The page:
Welcome to the first (of maybe many) repair advice post!
Just to touch on what these posts will be all about… put simply, there are plenty of repair processes I keep close to the vest and thats unlikely to change until I retire.
However, there are plenty of issues I come across that I may feel I never want to fix again and therefor feel the information should be easily available so people can repair (or blow up) their own stuff and avoid bringing it here where they’re likely to wait 100 years for us to do anything.
Having said that, I take no responsibility for you blowing up or otherwise damaging your gear. I also don’t guarantee this will work exactly for *your* unit and genuinely don’t want to answer any questions. What you see if what you get here.
If you are knowledgeable and feel that I have made an error in judgement and would like to correct anything written here, I welcome that and will credit you for your advice and of course update this post.
Anyway, on to the subject. In 2017 I purchased a TX-816 from a guy and it was one of the weirdest gear purchase scenarios of my career but that is another story for another time (never).
It worked just long enough for me to buy it for a decent price and as soon as they guy walked out with the check it shut off on its own. Since then, it has worked for less and less time per use session.
I figured it must be the power supply, as it stays on for a while if I take out most of the TF-1 modules (mine has all 8 modules). So I took it apart and decided a classic recap should to the trick. I changed whatever I had stock of but didn’t change all the caps. It did work a bit longer than usual, but died again. It also started to whine, even when “dead”.
So it sat on a shelf with the idea that one day I’d recap it the next time I’m working on one for a customer.
That day never came and finally my right hand mans TX816’s PSU bit the dust so now the pressure is on. We can’t both have dead TX-816’s…
A few months prior, I fit a studio electronics rack mounted Prophet-5 with a new switching PSU. It was appropriate since they added their own power detect/reset circuitry alongside an off-the-shelf switcher that had failed. It worked strikingly perfect.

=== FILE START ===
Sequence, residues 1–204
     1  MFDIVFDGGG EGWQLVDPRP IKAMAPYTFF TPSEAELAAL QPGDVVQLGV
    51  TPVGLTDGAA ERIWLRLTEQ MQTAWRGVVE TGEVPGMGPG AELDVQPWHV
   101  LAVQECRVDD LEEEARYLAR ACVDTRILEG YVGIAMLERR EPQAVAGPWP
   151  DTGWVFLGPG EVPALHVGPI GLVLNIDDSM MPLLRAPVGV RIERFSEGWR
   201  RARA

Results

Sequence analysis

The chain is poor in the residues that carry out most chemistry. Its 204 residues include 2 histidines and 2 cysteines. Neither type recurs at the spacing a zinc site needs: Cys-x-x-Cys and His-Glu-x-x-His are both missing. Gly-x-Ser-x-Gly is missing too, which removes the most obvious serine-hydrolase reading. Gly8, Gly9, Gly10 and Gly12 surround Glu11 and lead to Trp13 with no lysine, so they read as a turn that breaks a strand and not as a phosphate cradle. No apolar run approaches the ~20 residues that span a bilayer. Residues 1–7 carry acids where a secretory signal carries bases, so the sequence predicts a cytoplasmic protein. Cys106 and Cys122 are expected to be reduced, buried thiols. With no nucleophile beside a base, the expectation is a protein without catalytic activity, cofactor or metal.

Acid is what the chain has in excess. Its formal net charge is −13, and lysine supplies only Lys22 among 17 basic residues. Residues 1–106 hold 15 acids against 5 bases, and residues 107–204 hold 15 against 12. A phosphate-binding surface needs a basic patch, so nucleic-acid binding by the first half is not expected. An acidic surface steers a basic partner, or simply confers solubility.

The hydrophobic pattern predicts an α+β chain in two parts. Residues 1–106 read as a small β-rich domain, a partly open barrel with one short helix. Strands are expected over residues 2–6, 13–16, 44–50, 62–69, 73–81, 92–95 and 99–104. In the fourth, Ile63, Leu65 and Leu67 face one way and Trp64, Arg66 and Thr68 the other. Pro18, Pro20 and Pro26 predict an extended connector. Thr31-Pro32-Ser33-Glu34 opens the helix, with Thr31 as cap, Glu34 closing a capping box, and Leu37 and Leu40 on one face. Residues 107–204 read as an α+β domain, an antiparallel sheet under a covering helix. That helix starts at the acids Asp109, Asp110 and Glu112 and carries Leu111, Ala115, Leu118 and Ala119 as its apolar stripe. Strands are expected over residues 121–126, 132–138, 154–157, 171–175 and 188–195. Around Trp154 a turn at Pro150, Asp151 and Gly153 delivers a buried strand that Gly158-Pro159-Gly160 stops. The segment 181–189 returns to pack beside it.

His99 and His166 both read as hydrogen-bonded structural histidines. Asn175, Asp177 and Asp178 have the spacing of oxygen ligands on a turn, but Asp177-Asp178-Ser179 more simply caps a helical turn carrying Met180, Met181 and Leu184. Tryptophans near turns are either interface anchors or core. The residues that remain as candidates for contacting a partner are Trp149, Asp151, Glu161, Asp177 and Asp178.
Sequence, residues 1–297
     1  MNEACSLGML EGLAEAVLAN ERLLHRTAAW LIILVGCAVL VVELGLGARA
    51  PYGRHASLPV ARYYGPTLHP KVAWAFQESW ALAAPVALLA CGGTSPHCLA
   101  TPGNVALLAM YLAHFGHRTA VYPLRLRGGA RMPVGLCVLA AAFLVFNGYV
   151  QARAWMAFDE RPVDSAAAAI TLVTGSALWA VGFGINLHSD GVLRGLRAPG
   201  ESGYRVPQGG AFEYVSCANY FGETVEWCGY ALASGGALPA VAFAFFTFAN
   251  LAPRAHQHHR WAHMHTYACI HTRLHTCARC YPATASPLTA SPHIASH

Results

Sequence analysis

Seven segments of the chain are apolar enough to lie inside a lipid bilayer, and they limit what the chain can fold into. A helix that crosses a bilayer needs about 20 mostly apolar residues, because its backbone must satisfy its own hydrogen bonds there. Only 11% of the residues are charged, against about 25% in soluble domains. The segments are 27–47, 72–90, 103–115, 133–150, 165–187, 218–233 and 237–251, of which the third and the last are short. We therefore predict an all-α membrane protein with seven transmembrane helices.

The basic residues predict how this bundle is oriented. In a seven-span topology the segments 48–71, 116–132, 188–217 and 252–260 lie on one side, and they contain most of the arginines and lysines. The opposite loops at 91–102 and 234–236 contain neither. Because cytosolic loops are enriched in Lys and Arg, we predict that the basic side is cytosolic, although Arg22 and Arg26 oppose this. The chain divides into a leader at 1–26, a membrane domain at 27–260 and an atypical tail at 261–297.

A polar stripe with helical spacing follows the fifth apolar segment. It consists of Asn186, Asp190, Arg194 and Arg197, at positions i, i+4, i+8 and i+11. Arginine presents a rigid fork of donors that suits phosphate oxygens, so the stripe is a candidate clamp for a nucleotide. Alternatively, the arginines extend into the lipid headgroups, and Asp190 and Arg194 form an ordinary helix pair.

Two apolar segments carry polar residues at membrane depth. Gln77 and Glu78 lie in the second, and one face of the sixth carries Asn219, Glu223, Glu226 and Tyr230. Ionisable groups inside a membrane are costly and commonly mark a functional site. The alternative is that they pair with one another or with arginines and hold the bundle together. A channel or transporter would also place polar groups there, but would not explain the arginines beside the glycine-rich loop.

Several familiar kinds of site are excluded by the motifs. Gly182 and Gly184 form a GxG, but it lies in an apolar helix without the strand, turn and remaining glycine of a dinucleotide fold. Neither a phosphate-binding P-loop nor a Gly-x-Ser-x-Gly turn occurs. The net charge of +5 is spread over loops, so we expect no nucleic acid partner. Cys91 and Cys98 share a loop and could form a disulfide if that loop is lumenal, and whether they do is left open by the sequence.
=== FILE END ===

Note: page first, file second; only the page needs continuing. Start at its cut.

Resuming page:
I thought this same PSU could work well for the TX-816 since it provides the 3 standard voltages, +15, -15, and +5. The supply is rated quite robustly all things considered. Really goes to show where we are technologically at this time.
It’s important to understand why I added the above about the rack mount Prophet… you really can’t just go willy nilly replacing supplies. Many supplies do have some functions the connected circuits rely on. Things like resets, power detects, unregulated voltages for some oscillator and other circuits, etc. The reason this works well is because Yamaha, too, stuck what is essentially an off-the-shelf switcher into these units. Therefor, another off-the-shelf switcher should do.
So, I finally ripped apart my TX-816 (oh my god, so many screws….) again and removed the cruddy supply and started preparing for my science experiment. I didn’t take many photos because this isn’t for a client or something I plan to do often, so the one photo below and my directions and description will have to suffice.
The TX has a board mounted upside down for the incoming AC… this board can remain as it does make connecting the new supply very easy.
– Open unit and remove PSU.
– Disconnect PSU molex header from the power rail distribution board
– Cut the wires from that molex connector on the PSU side as they will be connected to the new switcher. The molex will reconnect once we’re done wiring the switcher. Note that I chose to snip the wires as close to the PCB as possible. I believe snipping them from the outside of the case is good enough, but I’m unsure.
– The white/black wires coming from the upside down AC board are the post-switch and fuse AC wires. They make it much easier to install this supply as all you need to do is cut them off the old supply and hook up those wires to the new switchers L/N terminals
– Connect all orange wires to the +5V terminal
– Connect brown wire to +15v temrinal
– Connect yellow wire to -15v terminal
– Connect all gray wires to COM (gnd) terminal
– Connect black wire to earth ground terminal
– Reconnect molex to the power rail distribution bus board.
Before powering it up, you could disconnect the molex and test the v’s and make sure its all good. These mean well switchers have a lot of built in protection, so I risked it all and just powered up. I was not shocked to see it worked perfectly and survived a long burn in. We did not burn it in in a rack of other hot devices, so YMMV (and ours) of course.
As for mounting it, there are a few ways to go I’m sure. The threading on the side of the supply are M3, which are the same as some of the extra screws you will have from removing the old supply.
Since I’m lazy and unlikely to ever sell this unit, I mounted it through the vent slits on the bottom with the supply on its side. Im sure it can be done more elegantly. If you send me photos of your install I’ll be happy to post and credit them here!
Oh, and you’ll need a supply. The part number is RT-65C and can be had from Jameco here.